As has been widely reported, a technical glitch with the NHS Test and Trace system last week meant that almost 16,000 positive Covid-19 cases were not recorded in the official data.
The issue lay with Public Health England’s use of Microsoft Excel to transfer lab results into its reporting dashboards. The results were stored in an older format, with a limit on the number of rows and the number of columns per spreadsheet. Anything over that limit simply wasn’t counted.
This technical limitation led to missing data and erroneous data processing. Without a full set of results, PHE had no access to the correct number of positive results and was unable to send out the relevant contact-tracing alerts.
The Test and Trace system is undoubtedly a powerful weapon in preventing the spread of coronavirus and it’s a timely example of the value of collecting and analysing data. But this situation highlights just how important it is for governments and big companies to ensure that they have adequate infrastructure and the skills in place to handle data assets — especially on these large scale projects that have a direct impact on people’s lives.
It’s important to recognise that, while the technical fault in this case lay in the use of Excel, the issue here is not with that program. Rather, what this fiasco demonstrates is the urgent need for data literacy and understanding the impact of technology choices across all levels of governments and organisations. One poor decision to export the database to an Excel sheet had a knock-on effect that ultimately resulted in the incident of these cases not being counted.
This issue could have been avoided with better data engineering at the top of the pipeline — in other words, the use of a system that didn’t require the data to be exported to Excel to be analysed. Excel is a tool that was built for quick tabular insights, useful for individuals and small businesses, not for collaborative complex querying at the scale at which the Test and Trace system operates. It was simply not the right tool for the job.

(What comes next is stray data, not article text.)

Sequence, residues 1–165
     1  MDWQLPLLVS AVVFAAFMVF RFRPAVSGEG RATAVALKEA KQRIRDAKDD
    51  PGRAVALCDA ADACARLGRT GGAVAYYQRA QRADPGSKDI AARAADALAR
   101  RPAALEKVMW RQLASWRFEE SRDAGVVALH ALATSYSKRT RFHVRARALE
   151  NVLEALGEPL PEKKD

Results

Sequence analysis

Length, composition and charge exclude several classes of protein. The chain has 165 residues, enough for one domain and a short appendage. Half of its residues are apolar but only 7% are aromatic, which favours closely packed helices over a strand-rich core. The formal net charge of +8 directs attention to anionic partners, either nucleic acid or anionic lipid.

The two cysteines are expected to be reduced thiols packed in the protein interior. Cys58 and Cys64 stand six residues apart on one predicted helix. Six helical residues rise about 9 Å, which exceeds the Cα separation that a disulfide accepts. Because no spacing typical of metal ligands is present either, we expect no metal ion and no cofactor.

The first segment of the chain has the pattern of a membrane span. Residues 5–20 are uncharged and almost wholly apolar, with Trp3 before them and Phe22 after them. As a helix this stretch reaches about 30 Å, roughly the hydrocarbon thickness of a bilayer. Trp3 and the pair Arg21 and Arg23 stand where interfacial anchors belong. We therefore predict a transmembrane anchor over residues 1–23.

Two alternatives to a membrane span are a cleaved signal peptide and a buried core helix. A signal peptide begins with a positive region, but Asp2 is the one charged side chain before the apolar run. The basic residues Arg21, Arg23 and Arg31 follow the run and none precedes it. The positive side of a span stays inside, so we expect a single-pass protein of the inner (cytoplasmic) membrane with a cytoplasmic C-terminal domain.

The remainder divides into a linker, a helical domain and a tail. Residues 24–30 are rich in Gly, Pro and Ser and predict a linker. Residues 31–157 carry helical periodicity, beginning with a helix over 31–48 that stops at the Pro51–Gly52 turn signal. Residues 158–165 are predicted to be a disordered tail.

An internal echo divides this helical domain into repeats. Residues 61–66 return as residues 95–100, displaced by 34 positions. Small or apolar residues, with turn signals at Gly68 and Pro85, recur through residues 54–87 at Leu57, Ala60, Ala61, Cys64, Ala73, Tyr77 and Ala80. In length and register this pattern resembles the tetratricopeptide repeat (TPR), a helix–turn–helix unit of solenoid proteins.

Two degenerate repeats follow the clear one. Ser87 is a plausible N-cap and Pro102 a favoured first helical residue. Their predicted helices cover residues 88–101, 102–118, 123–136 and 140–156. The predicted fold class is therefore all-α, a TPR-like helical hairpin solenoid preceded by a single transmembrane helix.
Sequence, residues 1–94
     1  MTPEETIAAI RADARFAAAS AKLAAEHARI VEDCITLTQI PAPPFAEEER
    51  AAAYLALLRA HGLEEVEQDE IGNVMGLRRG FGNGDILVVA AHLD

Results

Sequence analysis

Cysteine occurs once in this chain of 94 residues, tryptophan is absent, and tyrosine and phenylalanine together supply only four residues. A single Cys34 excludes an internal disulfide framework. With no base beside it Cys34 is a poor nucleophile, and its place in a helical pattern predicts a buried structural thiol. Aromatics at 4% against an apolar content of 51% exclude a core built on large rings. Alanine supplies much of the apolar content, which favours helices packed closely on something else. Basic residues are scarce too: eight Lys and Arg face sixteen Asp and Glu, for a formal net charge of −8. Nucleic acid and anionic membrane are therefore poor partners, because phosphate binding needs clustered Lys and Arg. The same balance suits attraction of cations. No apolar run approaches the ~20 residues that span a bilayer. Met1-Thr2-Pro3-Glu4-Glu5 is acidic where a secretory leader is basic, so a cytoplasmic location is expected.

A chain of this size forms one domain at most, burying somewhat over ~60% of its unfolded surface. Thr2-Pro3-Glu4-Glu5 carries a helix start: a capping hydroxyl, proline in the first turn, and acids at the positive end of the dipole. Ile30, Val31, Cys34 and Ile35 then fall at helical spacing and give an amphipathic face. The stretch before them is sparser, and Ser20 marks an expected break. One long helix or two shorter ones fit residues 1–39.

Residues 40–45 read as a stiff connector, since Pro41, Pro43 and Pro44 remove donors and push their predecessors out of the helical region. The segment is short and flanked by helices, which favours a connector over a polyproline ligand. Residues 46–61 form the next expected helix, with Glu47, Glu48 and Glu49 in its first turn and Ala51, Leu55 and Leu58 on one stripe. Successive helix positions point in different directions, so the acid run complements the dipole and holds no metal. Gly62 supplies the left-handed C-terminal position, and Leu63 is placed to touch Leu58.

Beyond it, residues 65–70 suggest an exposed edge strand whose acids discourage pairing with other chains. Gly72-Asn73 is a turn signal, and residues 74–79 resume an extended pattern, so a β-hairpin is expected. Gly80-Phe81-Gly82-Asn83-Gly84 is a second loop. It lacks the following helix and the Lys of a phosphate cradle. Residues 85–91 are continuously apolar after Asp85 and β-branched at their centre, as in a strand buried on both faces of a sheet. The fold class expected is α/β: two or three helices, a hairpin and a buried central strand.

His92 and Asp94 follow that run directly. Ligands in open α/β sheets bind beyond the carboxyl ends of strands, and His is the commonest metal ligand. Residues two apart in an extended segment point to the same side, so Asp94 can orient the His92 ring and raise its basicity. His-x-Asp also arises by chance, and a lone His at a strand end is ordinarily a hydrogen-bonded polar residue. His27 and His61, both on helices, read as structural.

However, the error would have also been avoided if those using the data had known the limitations of the Excel format and the underlying data pipeline and been able to mitigate the risks. Clearly, they didn’t.
It’s a lesson that everyone involved in projects of this magnitude needs to be educated in data. Whether it’s basic understanding of formats, knowledge of how data is stored for analysts, or advanced engineering for software related tasks, the people working on these projects need to speak the same language. In turn this will allow them to communicate and understand tradeoffs and implications of anything they do on the data to others later in the pipeline. If they are not, what might seem like a meaningless error to one person leads to massive incidents such as the Test and Trace failure, which damages the credibility of the system itself.
The more we rely on data science to help resolve the huge societal challenges we are facing — tracking the disease, provisioning resources, determining exam results — the more serious the consequences are if they are implemented incorrectly. Time for a data literacy crash-course — for everyone.
Main image credit: Getty